Since Boko Haram began to extend its reach into Niger in 2014, around 1,600 suspected terrorists were arrested. Facing a high number of cases, the Nigerian justice system and especially the Specialised Judicial Unit in charge of the terrorism cases has been under pressure.
In January 2017, UNODC launched a twofold project in Niger. The two main objectives were:
(i) to strengthen the capacity of the judicial anti-terrorism unit and specialized anti-terrorism chambers to effectively investigate, prosecute and adjudicate terrorism cases and;
(ii) to ensure a facilitated access to justice in the context of the fight against terrorism by providing legal aid to detainees suspected of terrorism awaiting trials in Niger’s prisons.
An effective, fair and humane criminal justice system is based on the commitment to uphold human rights in the administration of justice, regardless of the crime that has been committed. Respecting human rights of detainees suspected in terrorism cases is key to strengthen the links between the populations and the authorities and thus safeguard the rule of law. “The human rights protections for all persons charged with criminal offences, including terrorism-related crimes, include the right to be presumed innocent, the right to a hearing with due guarantees and within a reasonable time, by a competent, independent and impartial tribunal, and the right to have a conviction and sentence reviewed by a higher tribunal satisfying the same standards.”
Considering that the SDGs are based on human rights, this project was designed to bring human rights to the fore and ensure that the detainees suspected of terrorism in the prisons in Niger were provided with legal assistance, information on their cases and try in a reasonable time by competent judges, prosecutors and magistrates.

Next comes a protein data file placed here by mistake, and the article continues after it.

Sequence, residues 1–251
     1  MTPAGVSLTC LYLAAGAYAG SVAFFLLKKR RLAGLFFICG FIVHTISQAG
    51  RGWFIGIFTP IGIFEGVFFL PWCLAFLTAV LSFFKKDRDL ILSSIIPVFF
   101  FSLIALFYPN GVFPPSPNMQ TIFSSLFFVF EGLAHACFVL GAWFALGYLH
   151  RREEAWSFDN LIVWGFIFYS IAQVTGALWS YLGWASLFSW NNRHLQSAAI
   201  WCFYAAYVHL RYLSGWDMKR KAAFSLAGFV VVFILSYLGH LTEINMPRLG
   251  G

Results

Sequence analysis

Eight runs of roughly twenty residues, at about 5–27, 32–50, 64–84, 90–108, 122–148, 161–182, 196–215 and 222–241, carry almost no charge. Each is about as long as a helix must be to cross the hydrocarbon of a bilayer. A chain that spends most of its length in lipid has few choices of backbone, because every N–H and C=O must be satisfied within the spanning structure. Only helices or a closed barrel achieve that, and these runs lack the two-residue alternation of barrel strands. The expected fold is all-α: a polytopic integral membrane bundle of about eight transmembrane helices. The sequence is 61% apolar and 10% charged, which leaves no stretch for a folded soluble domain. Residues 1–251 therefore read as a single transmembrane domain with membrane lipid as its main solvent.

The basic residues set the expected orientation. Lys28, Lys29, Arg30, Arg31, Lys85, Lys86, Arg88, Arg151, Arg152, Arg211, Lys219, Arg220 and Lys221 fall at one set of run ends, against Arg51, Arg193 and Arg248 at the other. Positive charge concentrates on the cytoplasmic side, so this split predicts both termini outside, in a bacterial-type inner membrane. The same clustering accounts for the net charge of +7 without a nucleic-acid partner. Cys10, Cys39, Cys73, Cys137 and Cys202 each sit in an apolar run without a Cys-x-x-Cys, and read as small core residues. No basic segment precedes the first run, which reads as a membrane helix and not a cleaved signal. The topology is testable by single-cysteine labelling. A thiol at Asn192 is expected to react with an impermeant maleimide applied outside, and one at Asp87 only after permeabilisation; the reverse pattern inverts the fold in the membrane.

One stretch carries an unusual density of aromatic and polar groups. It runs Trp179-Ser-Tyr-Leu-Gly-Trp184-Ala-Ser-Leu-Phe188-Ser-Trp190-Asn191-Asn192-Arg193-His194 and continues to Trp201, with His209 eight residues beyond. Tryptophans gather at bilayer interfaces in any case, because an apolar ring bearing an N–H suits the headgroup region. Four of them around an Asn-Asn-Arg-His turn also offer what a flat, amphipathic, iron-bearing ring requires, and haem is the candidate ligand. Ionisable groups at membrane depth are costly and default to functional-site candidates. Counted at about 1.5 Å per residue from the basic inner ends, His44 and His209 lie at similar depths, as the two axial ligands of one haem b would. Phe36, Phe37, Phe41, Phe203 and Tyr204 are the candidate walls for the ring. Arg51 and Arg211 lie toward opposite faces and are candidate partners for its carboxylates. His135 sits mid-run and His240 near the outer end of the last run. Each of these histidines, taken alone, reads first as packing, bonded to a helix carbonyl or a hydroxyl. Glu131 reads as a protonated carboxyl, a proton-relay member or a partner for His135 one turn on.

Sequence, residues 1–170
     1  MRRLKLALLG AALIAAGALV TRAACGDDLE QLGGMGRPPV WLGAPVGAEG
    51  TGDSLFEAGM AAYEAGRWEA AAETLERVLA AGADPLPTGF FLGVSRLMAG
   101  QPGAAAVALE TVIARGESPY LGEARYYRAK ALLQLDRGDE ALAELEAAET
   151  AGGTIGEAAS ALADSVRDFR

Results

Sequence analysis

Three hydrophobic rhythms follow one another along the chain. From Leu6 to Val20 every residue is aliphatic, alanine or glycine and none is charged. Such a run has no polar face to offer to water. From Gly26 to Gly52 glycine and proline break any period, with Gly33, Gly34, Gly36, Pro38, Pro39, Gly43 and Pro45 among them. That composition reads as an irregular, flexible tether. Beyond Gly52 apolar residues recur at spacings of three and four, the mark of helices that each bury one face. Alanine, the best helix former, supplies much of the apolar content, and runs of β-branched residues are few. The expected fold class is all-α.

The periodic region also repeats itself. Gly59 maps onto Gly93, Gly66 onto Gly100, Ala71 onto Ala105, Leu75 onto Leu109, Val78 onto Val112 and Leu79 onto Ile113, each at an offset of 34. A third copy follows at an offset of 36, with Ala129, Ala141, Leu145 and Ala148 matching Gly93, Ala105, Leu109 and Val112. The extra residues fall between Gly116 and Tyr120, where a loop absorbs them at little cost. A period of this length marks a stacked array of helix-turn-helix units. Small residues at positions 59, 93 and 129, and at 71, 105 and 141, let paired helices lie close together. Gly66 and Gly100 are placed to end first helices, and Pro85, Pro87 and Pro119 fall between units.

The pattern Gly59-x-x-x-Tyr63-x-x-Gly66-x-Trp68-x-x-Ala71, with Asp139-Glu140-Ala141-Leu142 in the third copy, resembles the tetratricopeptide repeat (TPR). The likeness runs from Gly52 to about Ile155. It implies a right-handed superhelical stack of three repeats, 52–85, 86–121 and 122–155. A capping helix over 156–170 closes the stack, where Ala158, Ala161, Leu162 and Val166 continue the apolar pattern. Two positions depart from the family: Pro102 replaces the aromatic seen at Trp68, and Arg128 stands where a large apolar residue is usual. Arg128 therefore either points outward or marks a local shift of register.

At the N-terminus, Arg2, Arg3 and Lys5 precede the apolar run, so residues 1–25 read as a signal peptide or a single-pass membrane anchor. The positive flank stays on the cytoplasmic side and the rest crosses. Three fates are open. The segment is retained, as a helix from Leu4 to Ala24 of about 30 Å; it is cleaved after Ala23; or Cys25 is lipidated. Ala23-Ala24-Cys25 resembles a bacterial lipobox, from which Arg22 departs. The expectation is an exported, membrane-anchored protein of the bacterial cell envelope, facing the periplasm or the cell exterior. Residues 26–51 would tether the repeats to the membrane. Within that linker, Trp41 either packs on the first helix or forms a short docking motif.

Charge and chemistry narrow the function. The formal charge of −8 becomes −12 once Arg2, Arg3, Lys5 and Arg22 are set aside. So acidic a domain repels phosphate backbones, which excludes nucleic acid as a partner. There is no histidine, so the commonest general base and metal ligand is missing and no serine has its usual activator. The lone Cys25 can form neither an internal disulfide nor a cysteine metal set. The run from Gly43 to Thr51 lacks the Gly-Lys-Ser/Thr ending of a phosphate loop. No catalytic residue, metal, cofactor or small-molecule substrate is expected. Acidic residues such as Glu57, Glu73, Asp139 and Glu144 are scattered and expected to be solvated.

Indeed, one of the aspects of the project was to bring some backlogged cases to the attention of the Specialized Judicial Unit. Due to the high number of cases, some files were lost, others were unclear, and the Unit was not able to track them all. 10 UN Volunteers have been hired and trained by UNODC and were in charge of investigating and interviewing detainees in prisons to collect more information on their cases. The result was that UNVs could clarify the number of detainees under one case, their names, the names of their parents when their names were similar and brief the Specialized Judicial Unit in consequence. This mission was challenging and requested a close follow-up but the result was that no one was left behind during the process.
The project contributes to achieving SDG 16 by reducing the number of “unsentenced detainees as a proportion of overall prison population” (SDG indicator 16.3.2). More importantly, this pilot project is also reducing the sense of injustice among detainees and thus indirectly contributing to prevent radicalisation in prisons (Target 16.A).
Besides that, by partnering with UNVs, UNODC is placing volunteerism and youth at the core of the project, in line with the Agenda 2030 that is strongly encouraging to integrate volunteerism into peace and development and promoting people’s engagement in all stages, especially young people as they have the potential to make the most effective transformation of the world into a better place for all. UNVs in this project have proven that they could be change-makers, critical thinkers and innovators and made this project a success that will be looked into to be replicated in other areas in the region.
Finally, this pilot project was also based on the SDG 5 on gender equality as for instance, there were five women and five men to ensure gender parity among the UNVs. Moreover, the UNVs have started interviewing women, children and the elderly as they were considered as the most vulnerable groups in prisons and a gender-sensitive approach was taken through the project, addressing specific needs of women in prison settings.
UNODC worked closely with national partners to design this project. A lot of preparative meetings took place before the implementation effectively started.
Moreover, one of the main partners under this project was the UNV Agency. The United Nations Volunteers (UNV) programme has been partnering with the United Nations Office on Drugs and Crime (UNODC) since 1999. Indeed, this specific project employs 12 UNVs. One UNV Specialist based in Dakar is coordinating the work of 10 UNVs (legal) in Niger and 1 UNV, IT expert.